I would say I am probably quite a confident person, and I’m pleased that I’m like that because I think that’s helped me. It’s not really a conscious confidence, it’s just something that I guess I’ve always had from growing up, like that you would take for granted because that’s just the way you are and then you realise that actually not everyone is like that. So I’ve always felt very lucky for that, and now that I’m a mam, I want to make sure that I do that for my daughter too. So I say to my mam, ‘what was it?’ and she’s like, ‘oh I don’t know that’s just the way we were, you know, there’s not like an instruction manual on it, you just have to be yourself’. But I want to make sure that Elizabeth is like that when she grows up because, having that kind of confidence I think really helps you. I don’t know how you do it and yeah, if you find out, tell every parent you know because they really want to know it. I guess some of it is just appreciating what you’ve got and being very thankful and having manners and all of those things that make you sort of a nice person, and just making sure all of that is instilled. Maybe we don’t see it for as massive an attribute as we should, you know, because it is a big thing - and to be nice and to be decent and to have your own morals standards, so as long as that’s not compromised and you’re confident in what you’re doing - it really doesn’t matter if someone else thinks what you’ve done is wrong or right as long as you think it’s right then that’s what should count. And especially if you’re interested in engineering, you need to have the confidence to question lots of things - that could be questioning yourself, questioning role models that you have, questioning your teachers, questioning your parents, questioning someone on the television. Whatever it is, keep questioning because you need that as a scientist and an engineer, you need to challenge everything, and that includes yourself.


When I had my daughter, it was difficult going from quite a lot of work, 60 hour weeks, to being on maternity leave, where you’ve got this thing who, you are it’s world and it’s very functional - this isn’t to put you off having children because it is the most wonderful thing in the world - but my personal feeling is that those first months are functional - it’s not a two way thing. You are keeping this thing alive, and you know all she needed in my case was to be fed, to be watered, to have her nappy changed, to sleep, and to make sure that all of those things were done for her. And so you go from this quite high powered job doing lots of things, having these massive challenges - to doing this one thing, which is the most wonderful thing in the world, but it’s functional and in many ways it’s not creative in that first month. You try to make it as creative as you can. So my thing to get me through it, which I didn’t realise at the time but looking back this was obviously my coping mechanism, was that I said, right I’m walking 8 km every day, that’s what I was doing, Elizabeth and I were out, walking - why 8 km I have no idea - but it was 8 km, so that’s what I did, so we’d walk to a coffee shop, we’d walk into town, walk where ever. Then I could say, ‘okay I have achieved something as well as being this functional thing for my daughter, I have achieved something, I have walked 8 km a day’. It was a funny thing looking back, but it really helped me.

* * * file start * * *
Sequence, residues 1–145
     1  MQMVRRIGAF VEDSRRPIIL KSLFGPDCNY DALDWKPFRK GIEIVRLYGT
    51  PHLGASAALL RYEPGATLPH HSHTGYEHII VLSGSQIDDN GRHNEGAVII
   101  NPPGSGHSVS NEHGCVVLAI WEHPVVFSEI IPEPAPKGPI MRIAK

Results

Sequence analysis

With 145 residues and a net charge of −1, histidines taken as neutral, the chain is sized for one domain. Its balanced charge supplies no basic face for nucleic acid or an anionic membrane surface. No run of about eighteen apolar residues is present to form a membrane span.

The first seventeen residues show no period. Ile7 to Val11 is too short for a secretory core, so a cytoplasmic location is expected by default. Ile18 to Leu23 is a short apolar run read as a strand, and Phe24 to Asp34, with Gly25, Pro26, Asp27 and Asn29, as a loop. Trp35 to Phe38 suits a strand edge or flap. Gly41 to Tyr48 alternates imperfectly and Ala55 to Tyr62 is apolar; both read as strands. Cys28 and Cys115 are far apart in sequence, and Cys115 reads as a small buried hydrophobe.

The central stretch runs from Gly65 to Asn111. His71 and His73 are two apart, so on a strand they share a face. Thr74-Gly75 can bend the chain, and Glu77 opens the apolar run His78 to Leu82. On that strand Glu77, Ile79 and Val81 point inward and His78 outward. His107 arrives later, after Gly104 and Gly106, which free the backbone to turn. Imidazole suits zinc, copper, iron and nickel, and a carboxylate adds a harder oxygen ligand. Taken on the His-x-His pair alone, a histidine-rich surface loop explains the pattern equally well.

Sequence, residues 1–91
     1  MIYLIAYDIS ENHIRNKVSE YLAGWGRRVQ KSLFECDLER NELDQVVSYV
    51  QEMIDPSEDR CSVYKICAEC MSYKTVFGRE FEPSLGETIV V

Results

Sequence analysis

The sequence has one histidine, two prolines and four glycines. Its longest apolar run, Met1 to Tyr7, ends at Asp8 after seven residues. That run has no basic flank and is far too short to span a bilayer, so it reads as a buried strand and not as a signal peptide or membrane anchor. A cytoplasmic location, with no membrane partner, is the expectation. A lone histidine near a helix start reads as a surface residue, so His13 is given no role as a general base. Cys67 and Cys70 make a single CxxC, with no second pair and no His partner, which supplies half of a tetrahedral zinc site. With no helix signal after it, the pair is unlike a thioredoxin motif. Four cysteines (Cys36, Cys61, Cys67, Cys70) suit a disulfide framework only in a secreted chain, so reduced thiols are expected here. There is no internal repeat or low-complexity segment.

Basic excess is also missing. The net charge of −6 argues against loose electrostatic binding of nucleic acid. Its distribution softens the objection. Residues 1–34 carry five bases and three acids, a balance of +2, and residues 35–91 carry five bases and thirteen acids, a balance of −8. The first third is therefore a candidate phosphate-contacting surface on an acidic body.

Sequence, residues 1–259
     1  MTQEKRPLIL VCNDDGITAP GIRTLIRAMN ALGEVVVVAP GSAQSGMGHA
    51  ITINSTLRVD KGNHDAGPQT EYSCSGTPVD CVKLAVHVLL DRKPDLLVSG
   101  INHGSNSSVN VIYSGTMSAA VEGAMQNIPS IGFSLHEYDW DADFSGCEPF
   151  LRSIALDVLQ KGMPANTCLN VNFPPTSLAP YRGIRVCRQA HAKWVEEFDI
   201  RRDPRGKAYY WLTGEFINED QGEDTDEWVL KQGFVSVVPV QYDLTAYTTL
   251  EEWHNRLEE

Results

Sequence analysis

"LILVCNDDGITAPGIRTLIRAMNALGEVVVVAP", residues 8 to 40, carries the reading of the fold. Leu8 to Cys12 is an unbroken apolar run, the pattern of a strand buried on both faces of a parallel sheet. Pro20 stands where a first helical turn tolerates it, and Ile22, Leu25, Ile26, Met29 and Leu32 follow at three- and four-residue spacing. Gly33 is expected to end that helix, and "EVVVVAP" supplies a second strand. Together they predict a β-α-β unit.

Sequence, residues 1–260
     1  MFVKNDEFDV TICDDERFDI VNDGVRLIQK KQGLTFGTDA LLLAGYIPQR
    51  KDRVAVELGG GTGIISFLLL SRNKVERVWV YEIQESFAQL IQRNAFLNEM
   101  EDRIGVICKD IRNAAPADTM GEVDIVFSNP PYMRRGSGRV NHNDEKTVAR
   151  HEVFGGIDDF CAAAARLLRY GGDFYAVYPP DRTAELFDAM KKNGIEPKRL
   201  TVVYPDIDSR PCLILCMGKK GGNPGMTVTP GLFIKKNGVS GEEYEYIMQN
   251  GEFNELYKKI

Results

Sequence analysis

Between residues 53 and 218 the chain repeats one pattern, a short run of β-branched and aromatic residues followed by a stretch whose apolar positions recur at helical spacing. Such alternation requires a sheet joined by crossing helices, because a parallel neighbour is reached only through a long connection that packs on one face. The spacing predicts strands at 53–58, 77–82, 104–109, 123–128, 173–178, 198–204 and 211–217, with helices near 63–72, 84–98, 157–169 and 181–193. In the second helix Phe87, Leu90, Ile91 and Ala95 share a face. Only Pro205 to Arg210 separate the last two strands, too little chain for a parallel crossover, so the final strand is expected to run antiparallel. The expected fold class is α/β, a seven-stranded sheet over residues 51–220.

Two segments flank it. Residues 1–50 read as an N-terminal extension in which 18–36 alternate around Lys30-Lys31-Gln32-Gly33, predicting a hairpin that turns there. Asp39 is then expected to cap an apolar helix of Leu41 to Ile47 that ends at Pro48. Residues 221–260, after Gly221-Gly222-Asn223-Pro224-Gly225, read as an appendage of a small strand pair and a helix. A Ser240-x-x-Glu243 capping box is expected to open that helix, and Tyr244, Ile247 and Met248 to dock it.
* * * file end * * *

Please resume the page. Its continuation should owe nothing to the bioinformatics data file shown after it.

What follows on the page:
I fully support all the activities that go on around Women in STEM and International Women’s Day, but I want to get to a point such that it’s just a part of everyone’s everyday psyche - that women do science they do engineering and that it’s very normal, whereas it’s not very normal at the moment. I want to get to a point where there isn’t an International Women’s day, there might be an International Day, but it’s not a women’s thing and we don’t have to have a Women in Science campaign, but we are not there yet and therefore we have to do these things and try to change the stereotype. I’ll always remember as I was going up there was a very famous actress, 1930’s/40’s because I love black and white movies, and she’s called Hedy Lamarr. She was very big in American movies and very beautiful, very famous, and very accomplished, but actually she was also partly responsible for something we use today in engineering. It’s called spread spectrum and she helped develop that originally for torpedoes for the US Navy. So in the war, if you know exactly where torpedoes are, you know exactly where it’s going and what it’s going to do. If you can have a signal that moves around in that channel, so the frequency hops around, then you can make the torpedo think it’s going somewhere else, and you can deflect the torpedo. So she developed this frequency hopping, spread spectrum technique, and that is Bluetooth and wireless that we all use right now - what all our mobile devices will be doing is hopping around that frequency looking for the best signal and that’s exactly what she developed. But she was this beautiful actress in American movies and I think that’s what’s really good about it was that, wow you can be this amazingly accomplished person doing this one thing, and something else as well. And it goes back to not pigeon holing people, you know, everyone can be creative in their own way.

Find out more about Danielle's research by reading her profile, or check out her twitter to see what she is up to currently. Also, hear what Danielle thinks makes a strong Manchester woman by watching this video shot as part of Manchester's International Women's Day celebrations.

Rhys Archer